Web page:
Nov 29: Second Link toll charges to go up next year. VEHICLES from Singapore crossing into Johor via the Second Link Expressway will have to pay higher tolls from Jan 1, the Malaysian government announced yesterday. Passenger cars using the Second Link route will have to pay RM10.80 (S$4.60) next year, compared with RM8.40 now. (Asia One)

Dec 9: Price of luncheon meat soar, from $1 to as high as $3. Prices of luncheon meat have been on the rise since August when the Agri-Food and Veterinary Authority (AVA) rejected and destroyed a consignment of canned pork products from two food processing plants in China. (New Paper)

Dec 10: ComfortDelgro raises taxi fares. Commuters will pay between 18 per cent and 49 per cent more for a taxi ride home from the city from 5pm to midnight. (Straits Times) (CNA)

Dec 11: SCHOOL bus fares will go up by at least $5 to $10 in January, sparked by the increase in diesel prices in recent months. (Straits Times)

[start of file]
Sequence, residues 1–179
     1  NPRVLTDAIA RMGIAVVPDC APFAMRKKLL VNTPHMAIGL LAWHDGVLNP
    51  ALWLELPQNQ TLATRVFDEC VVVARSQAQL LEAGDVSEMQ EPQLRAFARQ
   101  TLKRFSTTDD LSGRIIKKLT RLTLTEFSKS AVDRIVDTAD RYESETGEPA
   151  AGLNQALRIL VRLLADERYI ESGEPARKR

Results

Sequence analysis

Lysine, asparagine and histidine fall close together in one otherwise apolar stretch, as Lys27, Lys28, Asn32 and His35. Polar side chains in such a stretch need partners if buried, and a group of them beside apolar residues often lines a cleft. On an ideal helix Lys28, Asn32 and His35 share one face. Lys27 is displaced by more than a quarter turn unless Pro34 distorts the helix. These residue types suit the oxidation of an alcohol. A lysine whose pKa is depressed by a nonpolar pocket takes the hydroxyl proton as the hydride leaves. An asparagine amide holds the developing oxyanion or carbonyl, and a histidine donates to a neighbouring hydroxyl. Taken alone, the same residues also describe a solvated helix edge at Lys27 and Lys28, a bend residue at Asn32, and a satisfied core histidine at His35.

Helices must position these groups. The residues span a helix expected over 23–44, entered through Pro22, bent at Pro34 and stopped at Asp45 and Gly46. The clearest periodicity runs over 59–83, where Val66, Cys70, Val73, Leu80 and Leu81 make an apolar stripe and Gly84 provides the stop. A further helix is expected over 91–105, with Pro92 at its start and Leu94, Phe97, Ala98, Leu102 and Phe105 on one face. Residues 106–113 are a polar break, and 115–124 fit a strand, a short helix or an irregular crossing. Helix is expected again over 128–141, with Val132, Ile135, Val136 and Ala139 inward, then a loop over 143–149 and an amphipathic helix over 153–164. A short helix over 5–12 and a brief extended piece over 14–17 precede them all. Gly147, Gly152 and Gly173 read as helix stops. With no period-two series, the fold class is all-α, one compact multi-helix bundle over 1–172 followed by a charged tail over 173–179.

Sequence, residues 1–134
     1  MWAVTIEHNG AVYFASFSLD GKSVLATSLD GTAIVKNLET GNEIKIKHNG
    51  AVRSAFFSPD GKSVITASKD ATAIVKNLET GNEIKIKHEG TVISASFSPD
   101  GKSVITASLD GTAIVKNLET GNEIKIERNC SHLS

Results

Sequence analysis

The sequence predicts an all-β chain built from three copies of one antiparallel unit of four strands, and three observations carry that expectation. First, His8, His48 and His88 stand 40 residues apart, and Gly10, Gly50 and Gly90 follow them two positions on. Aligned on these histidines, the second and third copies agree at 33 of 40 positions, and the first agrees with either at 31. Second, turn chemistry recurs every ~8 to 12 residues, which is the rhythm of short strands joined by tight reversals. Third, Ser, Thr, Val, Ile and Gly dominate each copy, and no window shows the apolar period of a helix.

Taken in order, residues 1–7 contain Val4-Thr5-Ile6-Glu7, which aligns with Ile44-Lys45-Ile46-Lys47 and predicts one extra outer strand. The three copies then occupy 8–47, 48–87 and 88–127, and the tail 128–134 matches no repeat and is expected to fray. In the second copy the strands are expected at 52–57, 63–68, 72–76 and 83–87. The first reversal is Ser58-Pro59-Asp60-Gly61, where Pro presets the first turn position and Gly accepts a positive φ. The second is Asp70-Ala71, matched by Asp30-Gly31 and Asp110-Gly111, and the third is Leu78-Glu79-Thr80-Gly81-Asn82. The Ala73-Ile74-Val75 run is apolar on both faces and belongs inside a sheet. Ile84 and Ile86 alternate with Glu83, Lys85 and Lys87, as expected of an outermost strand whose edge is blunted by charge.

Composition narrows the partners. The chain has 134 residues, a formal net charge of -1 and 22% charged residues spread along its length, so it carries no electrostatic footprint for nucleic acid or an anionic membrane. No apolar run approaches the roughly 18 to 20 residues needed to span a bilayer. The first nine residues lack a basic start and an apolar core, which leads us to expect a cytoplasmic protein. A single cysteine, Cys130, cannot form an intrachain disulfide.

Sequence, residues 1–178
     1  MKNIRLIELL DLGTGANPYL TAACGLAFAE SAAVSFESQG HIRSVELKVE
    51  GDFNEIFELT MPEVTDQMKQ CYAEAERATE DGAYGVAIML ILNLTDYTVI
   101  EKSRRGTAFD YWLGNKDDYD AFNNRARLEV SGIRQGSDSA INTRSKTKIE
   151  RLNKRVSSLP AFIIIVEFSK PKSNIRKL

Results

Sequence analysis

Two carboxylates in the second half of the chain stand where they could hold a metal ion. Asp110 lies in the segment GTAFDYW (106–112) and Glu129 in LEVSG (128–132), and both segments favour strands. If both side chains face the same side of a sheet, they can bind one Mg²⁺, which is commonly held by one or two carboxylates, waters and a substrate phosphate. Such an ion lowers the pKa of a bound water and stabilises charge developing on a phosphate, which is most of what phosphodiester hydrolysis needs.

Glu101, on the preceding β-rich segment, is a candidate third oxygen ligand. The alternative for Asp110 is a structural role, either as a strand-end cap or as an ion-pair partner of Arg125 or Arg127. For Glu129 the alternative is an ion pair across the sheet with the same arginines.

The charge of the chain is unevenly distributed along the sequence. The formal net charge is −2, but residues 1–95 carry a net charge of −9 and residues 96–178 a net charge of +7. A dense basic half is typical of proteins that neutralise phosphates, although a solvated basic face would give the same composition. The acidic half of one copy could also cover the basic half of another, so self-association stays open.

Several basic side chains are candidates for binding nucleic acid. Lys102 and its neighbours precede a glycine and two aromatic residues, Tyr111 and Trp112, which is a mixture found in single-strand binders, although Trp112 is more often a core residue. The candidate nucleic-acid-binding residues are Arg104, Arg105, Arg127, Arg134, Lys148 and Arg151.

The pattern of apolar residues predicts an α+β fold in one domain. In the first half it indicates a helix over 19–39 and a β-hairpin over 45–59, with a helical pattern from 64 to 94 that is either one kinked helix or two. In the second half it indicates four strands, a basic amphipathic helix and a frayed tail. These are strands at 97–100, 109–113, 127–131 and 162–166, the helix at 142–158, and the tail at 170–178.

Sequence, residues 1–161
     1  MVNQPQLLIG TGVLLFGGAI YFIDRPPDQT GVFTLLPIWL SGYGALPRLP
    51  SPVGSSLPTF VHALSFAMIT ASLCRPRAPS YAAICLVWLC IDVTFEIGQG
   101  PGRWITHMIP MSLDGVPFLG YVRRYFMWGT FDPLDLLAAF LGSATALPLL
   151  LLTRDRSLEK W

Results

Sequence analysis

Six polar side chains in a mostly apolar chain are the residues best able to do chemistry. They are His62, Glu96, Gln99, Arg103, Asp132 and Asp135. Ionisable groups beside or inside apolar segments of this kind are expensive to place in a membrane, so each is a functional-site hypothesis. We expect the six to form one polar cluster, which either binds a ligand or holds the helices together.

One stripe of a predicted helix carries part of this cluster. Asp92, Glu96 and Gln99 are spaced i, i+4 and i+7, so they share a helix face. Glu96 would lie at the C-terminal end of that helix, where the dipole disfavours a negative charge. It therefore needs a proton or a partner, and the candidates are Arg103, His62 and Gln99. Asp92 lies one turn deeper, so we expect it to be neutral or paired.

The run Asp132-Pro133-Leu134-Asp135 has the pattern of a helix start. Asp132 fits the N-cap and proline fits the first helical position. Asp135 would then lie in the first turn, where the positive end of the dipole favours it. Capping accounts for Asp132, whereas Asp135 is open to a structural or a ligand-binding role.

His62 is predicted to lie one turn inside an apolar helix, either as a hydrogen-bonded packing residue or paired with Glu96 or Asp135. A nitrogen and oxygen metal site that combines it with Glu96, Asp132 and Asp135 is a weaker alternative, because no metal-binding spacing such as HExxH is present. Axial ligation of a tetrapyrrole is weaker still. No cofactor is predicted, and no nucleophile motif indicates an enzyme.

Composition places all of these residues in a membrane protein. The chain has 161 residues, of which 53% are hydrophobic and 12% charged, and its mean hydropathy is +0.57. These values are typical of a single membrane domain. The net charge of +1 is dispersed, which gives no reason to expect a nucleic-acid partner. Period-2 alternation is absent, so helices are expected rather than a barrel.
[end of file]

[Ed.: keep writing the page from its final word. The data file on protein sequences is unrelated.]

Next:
Dec 14: Singapore’s second-largest taxi operator SMRT will be raising its fares from next Friday, December 21. The changes are in line with the adjustments made by market leader ComfortDelGro which will be increasing fares from December 17. (CNA)

Dec 14: Hike in POSB coins charge excessive. “IN THE past, whenever I made a deposit or withdrawal in coins, I paid $5 in service charge for every $500. Now, I have to pay $15 for every $500. So if I changed $1,000 into coins, I would lose $30.” (ST Forum Page)

Dec 14: Adjustment rate for housing loan changed unilaterally. “This unilateral change in adjustment rate is an increase in effective interest on the loan, and it is done without changing the loan interest rates. Is it fair for banks to offer adjustment rates as a ‘feature’ to woo customers but, six months into the loan, unilaterally reduce the benefits of the feature?” (ST Forum Page)